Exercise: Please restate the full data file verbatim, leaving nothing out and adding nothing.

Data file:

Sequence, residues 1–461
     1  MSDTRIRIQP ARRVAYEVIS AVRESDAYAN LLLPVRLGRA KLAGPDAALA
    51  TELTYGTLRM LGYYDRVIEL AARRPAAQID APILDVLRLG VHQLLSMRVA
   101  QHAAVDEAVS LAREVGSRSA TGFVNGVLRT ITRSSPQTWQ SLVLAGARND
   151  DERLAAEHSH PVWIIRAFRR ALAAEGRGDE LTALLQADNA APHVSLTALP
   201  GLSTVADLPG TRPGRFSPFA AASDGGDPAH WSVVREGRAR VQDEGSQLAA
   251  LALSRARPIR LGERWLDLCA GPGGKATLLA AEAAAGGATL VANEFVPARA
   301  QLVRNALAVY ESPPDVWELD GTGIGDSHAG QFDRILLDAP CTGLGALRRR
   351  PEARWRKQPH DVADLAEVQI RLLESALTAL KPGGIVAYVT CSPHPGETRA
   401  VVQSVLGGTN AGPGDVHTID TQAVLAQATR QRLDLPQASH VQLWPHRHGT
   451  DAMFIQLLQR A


Sequence, residues 1–461
     1  MSDTRIRIQP ARRVAYEVIS AVRESDAYAN LLLPVRLGRA KLAGPDAALA
    51  TELTYGTLRM LGYYDRVIEL AARRPAAQID APILDVLRLG VHQLLSMRVA
   101  QHAAVDEAVS LAREVGSRSA TGFVNGVLRT ITRSSPQTWQ SLVLAGARND
   151  DERLAAEHSH PVWIIRAFRR ALAAEGRGDE LTALLQADNA APHVSLTALP
   201  GLSTVADLPG TRPGRFSPFA AASDGGDPAH WSVVREGRAR VQDEGSQLAA
   251  LALSRARPIR LGERWLDLCA GPGGKATLLA AEAAAGGATL VANEFVPARA
   301  QLVRNALAVY ESPPDVWELD GTGIGDSHAG QFDRILLDAP CTGLGALRRR
   351  PEARWRKQPH DVADLAEVQI RLLESALTAL KPGGIVAYVT CSPHPGETRA
   401  VVQSVLGGTN AGPGDVHTID TQAVLAQATR QRLDLPQASH VQLWPHRHGT
   451  DAMFIQLLQR A